# Chapter 10: Hypothesis Testing with Two Samples

## Introduction

### Independent groups (samples are independent)

• Test of two population means.

• Test of two population proportions.

### Matched or paired samples (samples are dependent)

• Test of the population mean of differences of measures for paired individuals or objects.

## 10.1 Two Population Means with Unknown Standard Deviations

• Random Variable: X¯1−X¯2 = the difference of the sampling means

• Distribution: Student's t-distribution with degrees of freedom (variances not pooled)

• Standard deviation: A number that is equal to the square root of the variance and measures how far data values are from their mean

• s: sample standard deviation

• σ: population standard deviation.

• The two independent samples are simple random samples from two distinct populations.

• For the two distinct populations:

• if the sample sizes are small, the distributions are important (should be normal)

• if the sample sizes are large, the distributions are not important (need not be normal)

• Aspin-Welch t-test: The test comparing two independent population means with unknown and possibly unequal population standard deviations

• s1 and s2: the sample standard deviations, are estimates of σ1 and σ2, respectively.

• σ1 and σ2: the unknown population standard deviations.

• 𝑥⎯⎯1x¯1 and 𝑥⎯⎯2x¯2: the sample means.

• μ1 and μ2: the population means.

• When both sample sizes n1 and n2 are five or larger, the Student's t approximation is very good.

• n1 + n2 > 30: you can use the normal distribution to approximate the Student's t.

• Cohen's Standards for Small, Medium, and Large Effect SizesCohen's d: measure of effect size based on the differences between two means. measure of the difference between two means divided by the pooled standard deviation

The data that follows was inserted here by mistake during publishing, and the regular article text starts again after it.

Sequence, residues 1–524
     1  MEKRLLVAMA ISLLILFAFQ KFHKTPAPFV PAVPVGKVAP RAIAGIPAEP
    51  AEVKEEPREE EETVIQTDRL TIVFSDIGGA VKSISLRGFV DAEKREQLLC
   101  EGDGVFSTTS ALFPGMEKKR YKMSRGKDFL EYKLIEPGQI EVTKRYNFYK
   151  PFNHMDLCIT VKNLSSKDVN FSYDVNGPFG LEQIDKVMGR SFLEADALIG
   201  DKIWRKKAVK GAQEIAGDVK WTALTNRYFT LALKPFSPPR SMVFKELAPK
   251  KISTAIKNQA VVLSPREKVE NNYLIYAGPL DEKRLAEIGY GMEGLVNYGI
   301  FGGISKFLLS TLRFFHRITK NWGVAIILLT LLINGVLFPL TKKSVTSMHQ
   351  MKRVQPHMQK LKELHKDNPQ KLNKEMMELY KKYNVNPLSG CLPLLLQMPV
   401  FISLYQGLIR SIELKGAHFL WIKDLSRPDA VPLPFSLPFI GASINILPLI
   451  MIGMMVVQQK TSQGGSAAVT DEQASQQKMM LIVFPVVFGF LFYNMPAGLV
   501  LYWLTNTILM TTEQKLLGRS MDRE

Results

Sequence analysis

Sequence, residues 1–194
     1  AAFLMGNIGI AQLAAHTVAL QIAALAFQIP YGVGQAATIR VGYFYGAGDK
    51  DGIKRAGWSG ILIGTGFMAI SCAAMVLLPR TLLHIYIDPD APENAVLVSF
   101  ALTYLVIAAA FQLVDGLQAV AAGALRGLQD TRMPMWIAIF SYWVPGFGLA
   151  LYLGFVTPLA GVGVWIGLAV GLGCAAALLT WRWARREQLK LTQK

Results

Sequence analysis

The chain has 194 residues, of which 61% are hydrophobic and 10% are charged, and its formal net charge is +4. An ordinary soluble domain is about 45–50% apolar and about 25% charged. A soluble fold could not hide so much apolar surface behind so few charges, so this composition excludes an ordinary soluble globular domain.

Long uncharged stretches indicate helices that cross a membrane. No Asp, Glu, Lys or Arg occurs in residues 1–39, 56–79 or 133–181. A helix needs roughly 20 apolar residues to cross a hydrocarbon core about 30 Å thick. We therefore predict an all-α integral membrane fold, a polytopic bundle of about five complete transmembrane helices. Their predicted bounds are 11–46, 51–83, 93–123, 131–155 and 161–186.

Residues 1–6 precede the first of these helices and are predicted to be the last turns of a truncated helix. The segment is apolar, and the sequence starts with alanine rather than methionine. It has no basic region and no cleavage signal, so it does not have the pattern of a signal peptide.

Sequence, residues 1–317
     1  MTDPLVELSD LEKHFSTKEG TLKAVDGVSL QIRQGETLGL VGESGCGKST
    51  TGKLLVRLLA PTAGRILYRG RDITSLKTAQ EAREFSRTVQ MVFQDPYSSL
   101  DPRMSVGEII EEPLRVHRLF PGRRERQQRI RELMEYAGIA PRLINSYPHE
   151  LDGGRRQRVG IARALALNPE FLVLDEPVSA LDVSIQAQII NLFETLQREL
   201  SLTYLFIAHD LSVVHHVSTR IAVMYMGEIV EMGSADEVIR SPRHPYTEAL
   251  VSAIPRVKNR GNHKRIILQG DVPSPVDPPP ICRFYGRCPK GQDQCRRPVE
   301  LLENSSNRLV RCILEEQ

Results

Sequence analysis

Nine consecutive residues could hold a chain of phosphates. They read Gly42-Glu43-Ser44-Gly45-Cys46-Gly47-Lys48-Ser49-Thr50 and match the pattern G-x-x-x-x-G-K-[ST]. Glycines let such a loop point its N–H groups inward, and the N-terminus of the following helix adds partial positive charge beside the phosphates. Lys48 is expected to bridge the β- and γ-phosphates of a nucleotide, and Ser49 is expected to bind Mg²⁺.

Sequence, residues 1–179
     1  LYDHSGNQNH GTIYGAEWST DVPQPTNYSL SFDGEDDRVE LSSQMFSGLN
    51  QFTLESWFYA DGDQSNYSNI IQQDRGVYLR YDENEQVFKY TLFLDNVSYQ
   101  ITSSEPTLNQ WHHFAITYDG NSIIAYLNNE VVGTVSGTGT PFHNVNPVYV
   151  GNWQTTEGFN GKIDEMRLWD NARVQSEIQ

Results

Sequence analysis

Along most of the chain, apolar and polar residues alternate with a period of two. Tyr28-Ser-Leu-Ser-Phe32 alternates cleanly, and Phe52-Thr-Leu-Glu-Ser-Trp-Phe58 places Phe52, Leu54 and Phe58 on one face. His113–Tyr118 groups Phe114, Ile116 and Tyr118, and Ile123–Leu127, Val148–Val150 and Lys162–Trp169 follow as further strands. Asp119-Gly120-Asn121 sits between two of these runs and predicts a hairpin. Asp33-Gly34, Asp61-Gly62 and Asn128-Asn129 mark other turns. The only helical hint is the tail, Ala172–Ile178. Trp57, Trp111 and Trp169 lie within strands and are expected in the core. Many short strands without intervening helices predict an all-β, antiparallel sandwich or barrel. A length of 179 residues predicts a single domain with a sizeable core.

## 10.2 Two Population Means with Known Standard Deviations

• The sampling distribution for the difference between the means is normal and both populations must be normal

## 10.3 Comparing Two Independent Population Proportions

• Conducting a hypothesis test that compares two independent population proportions

1. The two independent samples are simple random samples that are independent.

2. The number of successes is at least five, and the number of failures is at least five, for each of the samples.

3. Growing literature states that the population must be at least ten or 20 times the size of the sample.

• Pc or Pooled proportion: estimate of the common value of p1 and p2.

• Null hypothesis: Pa = Pb

## 10.4 Matched or Paired Samples

• When using a hypothesis test for matched or paired samples, the following characteristics should be present:

• Simple random sampling is used.

• Sample sizes are often small.

• Two measurements (samples) are drawn from the same pair of individuals or objects.

• Differences are calculated from the matched or paired samples.

• The differences form the sample that is used for the hypothesis test.

• Differences that come from a population that is normal or the number of differences is sufficiently large so that distribution of the sample mean of differences is approximately normal.

• Hypothesis test for matched or paired samples: subjects are matched in pairs and differences are calculated.

• Degrees of freedom: n-1